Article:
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I. Soural Department of Post-Harvest Technology of Horticultural Products, Faculty of Horticulture, Mendel University in Brno, Czech Republic

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P. Švestková Department of Post-Harvest Technology of Horticultural Products, Faculty of Horticulture, Mendel University in Brno, Czech Republic

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P. Híc Department of Post-Harvest Technology of Horticultural Products, Faculty of Horticulture, Mendel University in Brno, Czech Republic

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J. Balík Department of Post-Harvest Technology of Horticultural Products, Faculty of Horticulture, Mendel University in Brno, Czech Republic

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Abstract

A number of methods have been applied to measure total antioxidant capacity (TAC), including FRAP, which is based on reducing the amount of iron ions in a complex compound. Researchers often use measurement of absorbance 10 min after mixing a sample with the FRAP reaction solution to calculate TAC. The FRAP solution has been shown to alter absorbance over time by ca 0.0010–0.0020 per hour, under storage conditions. This article intends to show that some substances do not fully or sufficiently react within the common analysis period. It is evident from the results that some substances react more quickly and others very slowly. Absorbance in relation to various phenols was measured. Compared to the levels of absorbance at 10 min, mean absorbance at 48 h was higher by 5,395% for vanillin, 426% for caffeic acid, 170% for sinapinic acid, 67% for gallic acid, 19% for syringic acid, and only by 4% for Trolox. Results for vanillin and caffeic acid indicate potential auto-catalysis.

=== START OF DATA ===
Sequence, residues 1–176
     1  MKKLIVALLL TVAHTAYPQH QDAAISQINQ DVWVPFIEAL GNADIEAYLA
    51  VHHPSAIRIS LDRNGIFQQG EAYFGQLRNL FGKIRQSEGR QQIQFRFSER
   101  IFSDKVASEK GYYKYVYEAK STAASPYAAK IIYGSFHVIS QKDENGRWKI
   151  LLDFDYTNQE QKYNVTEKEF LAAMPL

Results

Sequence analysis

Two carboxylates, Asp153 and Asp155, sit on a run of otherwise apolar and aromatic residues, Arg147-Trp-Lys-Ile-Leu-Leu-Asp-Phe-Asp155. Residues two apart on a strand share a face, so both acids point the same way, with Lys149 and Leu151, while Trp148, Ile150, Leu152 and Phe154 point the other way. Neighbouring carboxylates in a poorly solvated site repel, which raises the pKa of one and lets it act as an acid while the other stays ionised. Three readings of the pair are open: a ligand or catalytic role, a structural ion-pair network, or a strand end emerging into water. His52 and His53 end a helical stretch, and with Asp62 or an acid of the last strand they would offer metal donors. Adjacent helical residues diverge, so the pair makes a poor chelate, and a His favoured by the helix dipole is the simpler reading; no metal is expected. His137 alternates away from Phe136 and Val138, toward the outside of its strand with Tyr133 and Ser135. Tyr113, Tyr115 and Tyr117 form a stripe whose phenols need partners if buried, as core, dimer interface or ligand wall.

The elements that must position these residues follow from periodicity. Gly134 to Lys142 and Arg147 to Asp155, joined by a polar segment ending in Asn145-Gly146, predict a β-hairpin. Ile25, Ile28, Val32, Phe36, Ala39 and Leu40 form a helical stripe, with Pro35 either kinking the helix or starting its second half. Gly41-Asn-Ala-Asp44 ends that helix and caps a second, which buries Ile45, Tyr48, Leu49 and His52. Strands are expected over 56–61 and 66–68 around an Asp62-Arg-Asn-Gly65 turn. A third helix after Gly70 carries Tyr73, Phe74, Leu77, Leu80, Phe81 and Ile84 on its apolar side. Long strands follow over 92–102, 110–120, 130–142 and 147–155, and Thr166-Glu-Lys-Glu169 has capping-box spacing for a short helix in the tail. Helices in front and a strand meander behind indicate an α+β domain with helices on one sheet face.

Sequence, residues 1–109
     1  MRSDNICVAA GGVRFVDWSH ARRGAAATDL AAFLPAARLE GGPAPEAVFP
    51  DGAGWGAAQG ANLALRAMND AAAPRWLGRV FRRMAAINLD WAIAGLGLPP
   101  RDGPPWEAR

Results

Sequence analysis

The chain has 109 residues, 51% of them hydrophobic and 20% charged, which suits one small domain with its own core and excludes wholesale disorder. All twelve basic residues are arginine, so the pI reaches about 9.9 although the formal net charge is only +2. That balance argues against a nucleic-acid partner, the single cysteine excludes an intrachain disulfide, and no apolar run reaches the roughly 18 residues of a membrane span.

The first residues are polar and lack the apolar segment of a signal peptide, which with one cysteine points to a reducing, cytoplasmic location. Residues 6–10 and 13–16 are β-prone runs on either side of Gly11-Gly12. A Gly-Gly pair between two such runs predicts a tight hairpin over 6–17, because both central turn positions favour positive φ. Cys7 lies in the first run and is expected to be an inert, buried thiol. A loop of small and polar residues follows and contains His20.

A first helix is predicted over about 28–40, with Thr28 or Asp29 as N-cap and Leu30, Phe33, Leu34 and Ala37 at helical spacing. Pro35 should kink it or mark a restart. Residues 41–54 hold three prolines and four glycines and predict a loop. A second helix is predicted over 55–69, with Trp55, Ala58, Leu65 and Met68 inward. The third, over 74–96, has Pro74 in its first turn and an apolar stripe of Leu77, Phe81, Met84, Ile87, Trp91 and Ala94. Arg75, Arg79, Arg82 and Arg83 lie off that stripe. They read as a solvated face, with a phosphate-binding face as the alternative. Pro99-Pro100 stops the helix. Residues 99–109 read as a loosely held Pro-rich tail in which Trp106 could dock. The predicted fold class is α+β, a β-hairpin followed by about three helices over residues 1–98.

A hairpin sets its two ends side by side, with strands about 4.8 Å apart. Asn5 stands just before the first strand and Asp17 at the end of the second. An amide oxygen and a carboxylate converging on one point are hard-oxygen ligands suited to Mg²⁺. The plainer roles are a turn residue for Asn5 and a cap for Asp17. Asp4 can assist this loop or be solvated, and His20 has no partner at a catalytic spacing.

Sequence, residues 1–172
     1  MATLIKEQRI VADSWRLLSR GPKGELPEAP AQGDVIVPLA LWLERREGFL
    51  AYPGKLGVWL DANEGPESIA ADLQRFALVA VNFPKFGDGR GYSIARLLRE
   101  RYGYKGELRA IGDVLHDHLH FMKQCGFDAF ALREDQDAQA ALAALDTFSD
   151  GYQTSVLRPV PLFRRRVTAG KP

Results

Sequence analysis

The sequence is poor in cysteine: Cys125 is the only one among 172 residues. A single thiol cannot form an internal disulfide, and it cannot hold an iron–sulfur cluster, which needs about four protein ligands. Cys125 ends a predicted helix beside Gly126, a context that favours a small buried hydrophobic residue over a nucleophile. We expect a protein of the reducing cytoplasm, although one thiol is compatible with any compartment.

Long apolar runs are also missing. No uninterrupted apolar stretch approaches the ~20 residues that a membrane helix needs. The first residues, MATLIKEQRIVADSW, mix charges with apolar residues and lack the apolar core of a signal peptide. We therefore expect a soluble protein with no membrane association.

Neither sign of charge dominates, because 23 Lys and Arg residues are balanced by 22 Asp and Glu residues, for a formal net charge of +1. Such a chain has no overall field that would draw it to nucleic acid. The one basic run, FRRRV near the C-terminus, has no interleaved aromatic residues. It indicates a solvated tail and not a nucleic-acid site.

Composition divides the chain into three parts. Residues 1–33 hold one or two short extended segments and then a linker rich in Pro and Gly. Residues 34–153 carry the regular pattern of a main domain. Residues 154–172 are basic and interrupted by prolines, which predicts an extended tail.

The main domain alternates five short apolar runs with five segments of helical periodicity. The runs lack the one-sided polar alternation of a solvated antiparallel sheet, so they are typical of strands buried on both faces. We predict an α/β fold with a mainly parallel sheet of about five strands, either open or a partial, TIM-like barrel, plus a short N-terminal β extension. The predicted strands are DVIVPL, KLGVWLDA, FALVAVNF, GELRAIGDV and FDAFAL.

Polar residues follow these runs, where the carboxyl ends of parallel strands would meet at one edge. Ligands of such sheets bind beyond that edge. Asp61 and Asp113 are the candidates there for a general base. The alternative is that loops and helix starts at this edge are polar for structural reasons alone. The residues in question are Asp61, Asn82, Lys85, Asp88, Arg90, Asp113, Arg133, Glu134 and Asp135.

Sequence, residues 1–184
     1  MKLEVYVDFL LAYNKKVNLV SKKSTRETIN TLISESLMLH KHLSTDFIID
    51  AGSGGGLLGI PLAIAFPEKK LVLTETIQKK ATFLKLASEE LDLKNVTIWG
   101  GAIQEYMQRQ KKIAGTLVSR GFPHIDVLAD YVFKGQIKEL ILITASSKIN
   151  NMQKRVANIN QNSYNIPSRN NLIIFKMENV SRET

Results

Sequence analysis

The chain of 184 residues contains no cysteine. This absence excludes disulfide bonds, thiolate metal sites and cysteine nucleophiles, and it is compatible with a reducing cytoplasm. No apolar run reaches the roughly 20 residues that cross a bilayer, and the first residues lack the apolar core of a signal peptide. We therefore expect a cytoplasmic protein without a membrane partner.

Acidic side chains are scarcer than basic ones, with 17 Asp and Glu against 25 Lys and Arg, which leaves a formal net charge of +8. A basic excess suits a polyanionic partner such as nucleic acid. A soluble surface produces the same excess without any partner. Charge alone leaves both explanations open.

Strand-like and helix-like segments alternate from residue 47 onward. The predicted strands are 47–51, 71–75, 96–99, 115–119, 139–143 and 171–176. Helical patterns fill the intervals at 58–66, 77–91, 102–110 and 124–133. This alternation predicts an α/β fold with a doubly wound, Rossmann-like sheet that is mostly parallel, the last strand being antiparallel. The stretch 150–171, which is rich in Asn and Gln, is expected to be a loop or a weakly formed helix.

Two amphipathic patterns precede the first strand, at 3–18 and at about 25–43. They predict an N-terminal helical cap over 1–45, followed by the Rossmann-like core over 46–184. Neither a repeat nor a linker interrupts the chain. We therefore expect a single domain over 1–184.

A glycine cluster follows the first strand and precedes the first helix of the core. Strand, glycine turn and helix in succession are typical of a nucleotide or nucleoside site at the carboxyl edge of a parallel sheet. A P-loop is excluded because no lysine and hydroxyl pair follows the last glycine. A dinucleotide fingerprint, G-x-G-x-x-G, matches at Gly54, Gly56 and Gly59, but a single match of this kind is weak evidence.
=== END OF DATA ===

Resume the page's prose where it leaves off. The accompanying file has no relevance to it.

Abstract